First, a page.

and I'm not sure how I can share them because there is so much - and so much emotion in my experience.
But here are a couple from my session today:
Not great, but the first one depicts my personal feeling for the country, what I expected, and what I found - and the second one depicts what I was told is the state flower of the country.
I'll get a grip soon I hope and find a way to share what I saw and felt.
On tonights Real Time, its a liberal group with one conservative who will be discussing and analyzing the past weeks political events with host Bill Maher.
Mass. Senator Elizabeth Warren is the top-of-show interview guest. She vehemently disapproved of Donald Trumps presidency, appearing on CNNs The Lead with Jake Tapper this week to discuss Trumps first 100 days in office.
When asked to grade the three-plus months, she said F.
South Africa - their state flower is the bird of Paradise, and their flag was designed from it.
I was lucky enough to score a trip to South Africa and doubly lucky because I got to hang with natives of all kinds and colors. That makes it more possible to ask questions and integrate with them for a minute while staying safe and protected.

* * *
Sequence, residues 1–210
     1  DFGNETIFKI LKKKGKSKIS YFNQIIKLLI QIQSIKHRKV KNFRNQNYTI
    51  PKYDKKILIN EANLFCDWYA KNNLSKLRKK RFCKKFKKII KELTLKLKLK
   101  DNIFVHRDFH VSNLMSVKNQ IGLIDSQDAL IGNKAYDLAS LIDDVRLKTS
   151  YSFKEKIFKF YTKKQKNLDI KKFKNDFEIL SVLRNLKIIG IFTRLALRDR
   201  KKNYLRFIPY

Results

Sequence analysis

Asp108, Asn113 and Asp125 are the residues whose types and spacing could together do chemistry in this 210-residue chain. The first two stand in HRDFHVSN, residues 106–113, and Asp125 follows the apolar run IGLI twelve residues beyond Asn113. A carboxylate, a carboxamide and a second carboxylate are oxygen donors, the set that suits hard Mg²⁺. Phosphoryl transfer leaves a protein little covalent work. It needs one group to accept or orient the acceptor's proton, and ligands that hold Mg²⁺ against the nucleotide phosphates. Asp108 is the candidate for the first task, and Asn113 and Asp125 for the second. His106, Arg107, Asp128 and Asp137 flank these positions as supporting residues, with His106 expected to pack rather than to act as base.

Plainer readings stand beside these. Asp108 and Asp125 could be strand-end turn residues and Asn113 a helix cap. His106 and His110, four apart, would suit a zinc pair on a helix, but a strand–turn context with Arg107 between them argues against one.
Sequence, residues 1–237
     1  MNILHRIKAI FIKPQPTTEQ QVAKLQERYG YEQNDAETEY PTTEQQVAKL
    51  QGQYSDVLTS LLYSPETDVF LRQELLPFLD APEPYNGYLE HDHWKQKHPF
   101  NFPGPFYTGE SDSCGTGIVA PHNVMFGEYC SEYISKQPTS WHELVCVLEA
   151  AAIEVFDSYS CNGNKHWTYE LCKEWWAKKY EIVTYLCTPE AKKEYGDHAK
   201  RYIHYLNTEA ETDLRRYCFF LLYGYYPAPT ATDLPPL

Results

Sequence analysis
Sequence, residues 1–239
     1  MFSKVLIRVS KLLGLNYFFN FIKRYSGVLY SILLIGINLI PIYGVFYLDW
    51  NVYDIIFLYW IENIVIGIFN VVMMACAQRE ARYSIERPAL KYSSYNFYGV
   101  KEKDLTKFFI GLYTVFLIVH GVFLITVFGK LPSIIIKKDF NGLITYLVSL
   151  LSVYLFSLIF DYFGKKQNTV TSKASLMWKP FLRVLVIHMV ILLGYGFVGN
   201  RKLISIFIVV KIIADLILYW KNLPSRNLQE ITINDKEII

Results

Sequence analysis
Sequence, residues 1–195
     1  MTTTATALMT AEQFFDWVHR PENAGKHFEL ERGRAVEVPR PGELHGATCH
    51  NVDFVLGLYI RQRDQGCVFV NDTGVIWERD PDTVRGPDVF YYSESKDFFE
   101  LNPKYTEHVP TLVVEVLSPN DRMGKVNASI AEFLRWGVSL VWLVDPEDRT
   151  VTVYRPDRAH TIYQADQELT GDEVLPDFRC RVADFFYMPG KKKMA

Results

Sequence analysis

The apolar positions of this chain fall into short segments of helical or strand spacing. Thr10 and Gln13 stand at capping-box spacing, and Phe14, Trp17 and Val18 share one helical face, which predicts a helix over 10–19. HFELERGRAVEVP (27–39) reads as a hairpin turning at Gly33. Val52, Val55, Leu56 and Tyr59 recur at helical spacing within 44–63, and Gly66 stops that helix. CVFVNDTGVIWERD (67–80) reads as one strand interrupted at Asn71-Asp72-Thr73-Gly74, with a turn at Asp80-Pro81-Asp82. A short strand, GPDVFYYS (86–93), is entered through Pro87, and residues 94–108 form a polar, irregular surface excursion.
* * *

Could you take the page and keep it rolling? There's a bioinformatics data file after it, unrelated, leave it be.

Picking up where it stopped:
What this post is about is that whenever I mentioned Trevor Noah all faces lit up. I'm talking about the man on the street, the uber drivers, the folks who put me up, and people so poor they have to live in the townships which are the areas of town so desolate that the word slum is almost a step up. Where they squat for free except for their water and electric hookups.
Absolutely everyone's faces shone with deep pride. I never had to say the name twice.
(they all, by the way, speak English 'cept for a few percent, plus they speak several other languages)
Trevor Noah is a national treasure for them.
When they heard me say that I have the chance to watch his show 4 times a week, and how he tears Trump new ones and is gaining in ability and acceptance, they loved me for bringing them those news.
Having read Trevor Noah's book "Born a Crime" helped me a lot in understanding what I saw in Johannesburg, but I must say Trevor downplayed greatly what a city is like that is living in mortal fear. But then, the description of that is not the subject of this post.
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